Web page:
2.4. Semiquantitative RT-PCR Analysis
Total RNA was isolated from ileum with TRIzol reagent (Sangon Biotech Co. Ltd., Shanghai, China). The expression levels of specific mRNAs were determined using semiquantitative RT-PCR analysis, normalizing to β-actin expression. One microgram of total RNA was reverse-transcribed using oligo dT and reverse transcriptase (Boya Co. Ltd., Shanghai, China). Then, cDNAs were amplified using oligonucleotide primers (Table 1) using a One-Step RT-PCR kit (Takara Co., Japan). The following PCR conditions were applied: denaturation at 95°C for 1 min, followed by 33 cycles (c-Jun n-terminal kinase (JNK) and phosphoinositol 3-kinase (PI3K): 95°C for 30 s, then 56°C for 1 min, and 72°C for 1 min) or 40 cycles (β-actin, TLR4, and facilitative glucose transporter 2 (GLUT2): 95°C for 30 s, then 60°C for 30 s), with a final extension at 72°C for 5 min. The PCR products were subjected to horizontal electrophoresis on 1.0% agarose gels, and images were captured using a Bio-Rad ChemiDoc imaging system (Hercules, CA, USA).
2.5. Western Blot Analysis
Ileal samples were homogenized in RIPA lysis buffer and centrifuged at 10001 × g (30 min, 4°C) to obtain cleared lysates. The supernatant protein concentrations were then measured using a BCA Protein Assay Kit (Aidlab Biotechnologies Co. Ltd., Beijing, China). For Western blot analysis, equal amounts of protein (50 μg/lane) were electrophoresed on 12% polyacrylamide gels, after which they were electrotransferred onto polyvinylidene fluoride membranes (Millipore, Marlborough, MA, USA). Membranes were then incubated for 3 h in blocking buffer (1x tris-buffered saline containing 0.1% Tween-20, and 4% nonfat milk) at room temperature and then overnight in the same buffer containing primary antibodies against TLR4 (1: 1000), p-JNK (1: 1000), GLUT2 (1 : 1000), PI3K (1 : 500), or β-actin (1: 1500) (Boster Biological Technology Ltd., Wuhan, China). For antibodies targeting phosphorylated proteins, bovine serum albumin (BSA) was used instead of nonfat milk. Membranes were then washed three times for 5 min and incubated for 2 h at 4°C with HRP-conjugated secondary antibodies (anti-rabbit or anti-rat) (Boster Biological Technology Ltd., Wuhan, China). Proteins were detected using an enhanced chemiluminescence detection system (Amersham Pharmacia, Piscataway, NJ, USA) .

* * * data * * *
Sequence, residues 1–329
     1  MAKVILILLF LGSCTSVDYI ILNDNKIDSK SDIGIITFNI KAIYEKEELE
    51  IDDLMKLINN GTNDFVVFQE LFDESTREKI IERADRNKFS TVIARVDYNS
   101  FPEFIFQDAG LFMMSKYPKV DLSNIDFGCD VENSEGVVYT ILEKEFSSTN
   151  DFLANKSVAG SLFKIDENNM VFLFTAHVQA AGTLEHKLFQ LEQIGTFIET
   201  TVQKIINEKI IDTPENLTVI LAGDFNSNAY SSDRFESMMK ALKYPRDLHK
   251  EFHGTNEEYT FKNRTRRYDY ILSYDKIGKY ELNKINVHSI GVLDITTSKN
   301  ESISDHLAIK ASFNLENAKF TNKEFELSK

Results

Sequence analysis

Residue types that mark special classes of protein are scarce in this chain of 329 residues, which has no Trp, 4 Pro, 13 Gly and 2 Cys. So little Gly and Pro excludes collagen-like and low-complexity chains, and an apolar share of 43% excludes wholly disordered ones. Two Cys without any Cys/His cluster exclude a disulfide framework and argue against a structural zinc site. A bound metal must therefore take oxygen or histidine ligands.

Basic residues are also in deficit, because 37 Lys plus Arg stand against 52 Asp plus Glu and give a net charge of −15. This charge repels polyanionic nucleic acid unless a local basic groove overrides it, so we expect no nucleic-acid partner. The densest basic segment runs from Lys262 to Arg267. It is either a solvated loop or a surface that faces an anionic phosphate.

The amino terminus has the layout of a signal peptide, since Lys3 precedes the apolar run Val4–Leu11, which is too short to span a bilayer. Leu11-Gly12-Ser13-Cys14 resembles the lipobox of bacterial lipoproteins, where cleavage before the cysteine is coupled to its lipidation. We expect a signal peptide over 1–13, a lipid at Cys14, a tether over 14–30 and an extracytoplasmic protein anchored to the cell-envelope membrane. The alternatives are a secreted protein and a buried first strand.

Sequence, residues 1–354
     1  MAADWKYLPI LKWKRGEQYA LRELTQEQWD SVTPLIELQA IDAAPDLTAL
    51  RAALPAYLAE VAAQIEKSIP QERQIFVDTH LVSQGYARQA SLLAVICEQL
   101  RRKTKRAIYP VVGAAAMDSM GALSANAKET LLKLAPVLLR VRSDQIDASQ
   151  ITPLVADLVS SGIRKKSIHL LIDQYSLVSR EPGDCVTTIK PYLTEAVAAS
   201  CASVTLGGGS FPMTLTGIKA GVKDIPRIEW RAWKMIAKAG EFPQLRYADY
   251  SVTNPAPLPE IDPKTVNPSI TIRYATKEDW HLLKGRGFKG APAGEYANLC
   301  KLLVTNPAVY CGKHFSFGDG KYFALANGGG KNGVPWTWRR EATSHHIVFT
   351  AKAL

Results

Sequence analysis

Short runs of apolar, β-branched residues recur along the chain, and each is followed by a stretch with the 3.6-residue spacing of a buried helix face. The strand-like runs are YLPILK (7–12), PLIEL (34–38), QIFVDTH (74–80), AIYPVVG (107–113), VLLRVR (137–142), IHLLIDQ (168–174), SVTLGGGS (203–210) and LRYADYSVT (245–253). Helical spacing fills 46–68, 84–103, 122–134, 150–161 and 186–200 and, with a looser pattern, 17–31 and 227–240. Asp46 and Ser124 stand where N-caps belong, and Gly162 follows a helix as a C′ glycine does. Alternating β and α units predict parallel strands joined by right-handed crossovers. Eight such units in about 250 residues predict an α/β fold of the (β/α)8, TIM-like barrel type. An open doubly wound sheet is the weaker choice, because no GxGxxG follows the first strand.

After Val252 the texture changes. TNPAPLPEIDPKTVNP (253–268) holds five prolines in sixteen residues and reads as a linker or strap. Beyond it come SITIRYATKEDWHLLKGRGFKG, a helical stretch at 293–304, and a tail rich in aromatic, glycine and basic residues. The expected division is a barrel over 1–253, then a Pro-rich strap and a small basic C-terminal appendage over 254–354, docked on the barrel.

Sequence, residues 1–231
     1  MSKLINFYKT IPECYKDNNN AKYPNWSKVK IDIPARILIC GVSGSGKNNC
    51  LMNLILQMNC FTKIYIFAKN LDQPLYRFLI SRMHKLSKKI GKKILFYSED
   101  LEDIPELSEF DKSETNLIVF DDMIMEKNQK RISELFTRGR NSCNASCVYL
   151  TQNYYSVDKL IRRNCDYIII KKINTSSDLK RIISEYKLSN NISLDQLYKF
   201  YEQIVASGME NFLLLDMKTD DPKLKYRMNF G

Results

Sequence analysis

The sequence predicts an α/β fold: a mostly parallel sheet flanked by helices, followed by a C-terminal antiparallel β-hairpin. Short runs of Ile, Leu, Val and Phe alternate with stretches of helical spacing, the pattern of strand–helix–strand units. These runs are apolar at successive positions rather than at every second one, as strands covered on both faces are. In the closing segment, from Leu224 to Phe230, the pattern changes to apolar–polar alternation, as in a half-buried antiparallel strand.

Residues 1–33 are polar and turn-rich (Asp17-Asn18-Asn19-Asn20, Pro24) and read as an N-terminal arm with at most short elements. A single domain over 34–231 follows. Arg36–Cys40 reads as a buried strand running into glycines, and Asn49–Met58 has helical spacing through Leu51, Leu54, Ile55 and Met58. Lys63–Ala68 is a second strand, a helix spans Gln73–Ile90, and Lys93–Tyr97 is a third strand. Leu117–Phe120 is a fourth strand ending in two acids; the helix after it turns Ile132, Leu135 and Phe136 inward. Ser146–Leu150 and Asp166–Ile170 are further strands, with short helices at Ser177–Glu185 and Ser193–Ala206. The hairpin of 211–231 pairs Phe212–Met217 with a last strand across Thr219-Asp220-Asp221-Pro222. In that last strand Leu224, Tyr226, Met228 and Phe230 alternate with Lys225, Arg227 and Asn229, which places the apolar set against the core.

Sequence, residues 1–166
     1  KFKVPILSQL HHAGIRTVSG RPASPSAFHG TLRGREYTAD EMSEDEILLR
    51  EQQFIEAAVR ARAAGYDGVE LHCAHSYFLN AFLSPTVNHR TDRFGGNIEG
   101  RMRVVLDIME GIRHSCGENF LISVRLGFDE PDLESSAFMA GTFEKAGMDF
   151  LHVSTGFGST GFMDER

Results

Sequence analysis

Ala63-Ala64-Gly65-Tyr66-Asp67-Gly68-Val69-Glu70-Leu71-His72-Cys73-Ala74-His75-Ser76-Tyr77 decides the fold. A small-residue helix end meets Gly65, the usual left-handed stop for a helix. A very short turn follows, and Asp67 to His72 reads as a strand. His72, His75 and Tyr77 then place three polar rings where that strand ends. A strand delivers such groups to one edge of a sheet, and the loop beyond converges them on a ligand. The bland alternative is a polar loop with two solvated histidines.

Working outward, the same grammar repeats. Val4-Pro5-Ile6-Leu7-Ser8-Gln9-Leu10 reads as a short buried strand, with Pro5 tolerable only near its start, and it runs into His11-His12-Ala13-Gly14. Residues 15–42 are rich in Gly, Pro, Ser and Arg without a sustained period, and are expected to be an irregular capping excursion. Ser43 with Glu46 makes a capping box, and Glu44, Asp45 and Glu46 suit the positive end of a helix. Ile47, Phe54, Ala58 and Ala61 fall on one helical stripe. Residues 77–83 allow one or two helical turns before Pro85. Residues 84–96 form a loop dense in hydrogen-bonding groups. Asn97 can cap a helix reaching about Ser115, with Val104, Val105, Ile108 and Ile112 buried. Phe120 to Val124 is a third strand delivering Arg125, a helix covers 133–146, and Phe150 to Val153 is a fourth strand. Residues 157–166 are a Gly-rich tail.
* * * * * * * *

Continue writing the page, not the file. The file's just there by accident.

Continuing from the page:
2.6. Statistical Analysis
All data are expressed as deviation (SD) and were analyzed using SPSS statistical software (SPSS 19.0, SPSS Inc., Chicago, IL). One-way analysis of variance (ANOVA) with Duncan’s test was used for intergroup comparison. was considered to represent statistical significance.
3. Results and Discussion
3.1. The Effect of BF on Biochemical Indices in the Plasma of T2D Rats
Many studies have shown that berberine is an effective antihyperglycemic agent and has positive effects on diabetic complications, such as hypertension, hyperlipidemia, cardiovascular and cerebrovascular diseases, and peripheral nerve lesions [13, 25]. However, we hypothesized that the combination of berberine and fumaric acid could be safer and more effective .
As shown in Figure 1, BF treatment significantly increased plasma FINS, T-SOD, GSH-PX, and GLP-1 and reduced FBG, HOMA-IR, and plasma TG, TC, and GSP (all ) in diabetic rats. Berberine can inhibit gluconeogenesis by regulating the function of β cells and can also promote glycolysis, thereby lowering blood glucose and lipid levels and ameliorating insulin resistance . The effect of berberine to reduce blood lipid is the result of an improvement in antioxidant capacity, the promotion of lipid metabolism, and the inhibition of preadipocyte differentiation [13, 25]. Excessive oxygen-free radicals can trigger insulin resistance by modulating signal transduction , and insulin resistance may aggravate oxidative stress .
It has also been shown that berberine can ameliorate abnormalities in plasma gastrointestinal hormone levels, such as those of glucagon-like peptide- (GLP-) 1 and 2, insulin stimulating polypeptide , and pancreatic polypeptide. GLP-1 is mainly secreted by L cells distributed throughout the ileum. Berberine can increase the proliferation of L cells, increase glucagon and prohormone invertase synthesis, and enhance GLP-1 secretion in diabetic rats . Therefore, BF may regulate glucose and lipid metabolism by promoting the synthesis and secretion of GLP-1 in the intestinal tract.